The TWA Hotel Gives an Old Architectural Icon New Wings - architecture and design

The TWA Hotel Gives an Old Architectural Icon New Wings

The TWA Flight Center was the late 20th-century equivalent of Ellis Island, a first point of reference for many immigrants entering the U.S. through New York. When it originally opened in 1962, the expressive concrete structure was seen as the future of airport terminals. That prediction ended up being partially true. As commercial aircrafts became larger, the terminal struggled to service the influx in new passengers, eventually closing its doors in 2001 (the same year TWA was bought by American Airlines). It then served as a retail space for a small time, but even that failed to last.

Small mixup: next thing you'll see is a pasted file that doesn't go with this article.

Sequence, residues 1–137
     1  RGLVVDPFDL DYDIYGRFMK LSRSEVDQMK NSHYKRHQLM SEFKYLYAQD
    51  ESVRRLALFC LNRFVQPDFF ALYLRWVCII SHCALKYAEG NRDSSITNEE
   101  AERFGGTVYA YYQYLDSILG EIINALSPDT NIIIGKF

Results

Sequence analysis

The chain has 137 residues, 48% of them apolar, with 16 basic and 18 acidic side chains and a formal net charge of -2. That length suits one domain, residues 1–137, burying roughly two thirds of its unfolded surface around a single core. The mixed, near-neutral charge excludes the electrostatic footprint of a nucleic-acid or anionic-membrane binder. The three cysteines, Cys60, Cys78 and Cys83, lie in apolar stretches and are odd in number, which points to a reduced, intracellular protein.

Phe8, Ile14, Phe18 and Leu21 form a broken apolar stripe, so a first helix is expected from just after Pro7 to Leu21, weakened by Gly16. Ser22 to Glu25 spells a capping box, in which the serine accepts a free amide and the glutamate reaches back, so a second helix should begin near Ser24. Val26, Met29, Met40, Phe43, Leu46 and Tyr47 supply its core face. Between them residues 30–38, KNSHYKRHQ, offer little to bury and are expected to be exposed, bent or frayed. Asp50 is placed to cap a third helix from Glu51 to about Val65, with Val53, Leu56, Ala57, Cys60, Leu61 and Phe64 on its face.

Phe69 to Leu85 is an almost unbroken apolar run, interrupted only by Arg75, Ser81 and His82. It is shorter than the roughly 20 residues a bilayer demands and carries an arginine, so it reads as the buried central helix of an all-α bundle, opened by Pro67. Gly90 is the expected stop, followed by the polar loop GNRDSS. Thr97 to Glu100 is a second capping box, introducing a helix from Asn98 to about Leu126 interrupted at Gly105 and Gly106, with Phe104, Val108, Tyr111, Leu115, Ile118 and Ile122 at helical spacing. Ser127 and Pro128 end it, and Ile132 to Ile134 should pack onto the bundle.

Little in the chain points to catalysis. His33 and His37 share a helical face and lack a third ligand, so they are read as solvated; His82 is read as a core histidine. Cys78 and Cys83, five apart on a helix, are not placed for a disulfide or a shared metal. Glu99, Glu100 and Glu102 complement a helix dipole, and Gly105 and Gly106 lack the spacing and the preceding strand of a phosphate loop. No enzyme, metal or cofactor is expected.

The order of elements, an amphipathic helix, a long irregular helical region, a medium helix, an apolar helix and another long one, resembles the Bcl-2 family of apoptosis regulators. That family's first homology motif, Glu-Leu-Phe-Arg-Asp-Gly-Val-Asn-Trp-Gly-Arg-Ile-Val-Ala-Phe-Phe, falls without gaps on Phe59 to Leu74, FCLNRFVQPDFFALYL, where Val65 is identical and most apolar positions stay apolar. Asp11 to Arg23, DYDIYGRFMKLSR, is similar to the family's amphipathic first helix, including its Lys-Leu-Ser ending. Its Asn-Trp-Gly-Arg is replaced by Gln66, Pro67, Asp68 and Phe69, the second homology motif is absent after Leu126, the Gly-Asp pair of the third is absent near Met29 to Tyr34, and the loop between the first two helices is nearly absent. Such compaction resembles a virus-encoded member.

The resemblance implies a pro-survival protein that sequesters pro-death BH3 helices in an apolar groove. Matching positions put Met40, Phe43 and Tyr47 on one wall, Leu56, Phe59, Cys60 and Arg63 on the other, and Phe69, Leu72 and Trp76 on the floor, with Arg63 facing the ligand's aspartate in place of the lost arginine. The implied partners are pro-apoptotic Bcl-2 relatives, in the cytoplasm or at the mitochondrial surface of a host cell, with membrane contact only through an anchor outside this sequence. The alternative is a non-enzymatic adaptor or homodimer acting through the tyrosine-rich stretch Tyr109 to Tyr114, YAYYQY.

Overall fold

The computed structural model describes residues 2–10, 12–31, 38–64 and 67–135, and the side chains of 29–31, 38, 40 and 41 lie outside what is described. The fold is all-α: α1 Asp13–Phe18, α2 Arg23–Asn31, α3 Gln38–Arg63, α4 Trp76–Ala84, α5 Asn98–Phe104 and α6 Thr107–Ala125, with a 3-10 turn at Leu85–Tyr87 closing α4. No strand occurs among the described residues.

Although the original TWA Terminal did not survive as a great gateway of air transportation for JFK Airport, it would seem that New York City is not quite done with it yet. On May 15th, this iconic piece of modern American architecture will begin its third life as the lobby for a luxury hotel.
Each guest room offers a quiet respite from the roaring of jet engines and the constant flow of ground traffic. Between the weary traveler laying their head on the pillow and the noise that comes from being in the middle of one of the busiest airports in America stand seven panes of four-and-a-half-inch thick glass ? the second thickest curtain wall in the world, behind the one inside the U.S. Embassy in London.

Inside each room, the decor is a mix of midcentury modern and contemporary elements. There’s an upholstered red fabric Saarinen Womb Chair next to a Saarinen Pedestal tul...

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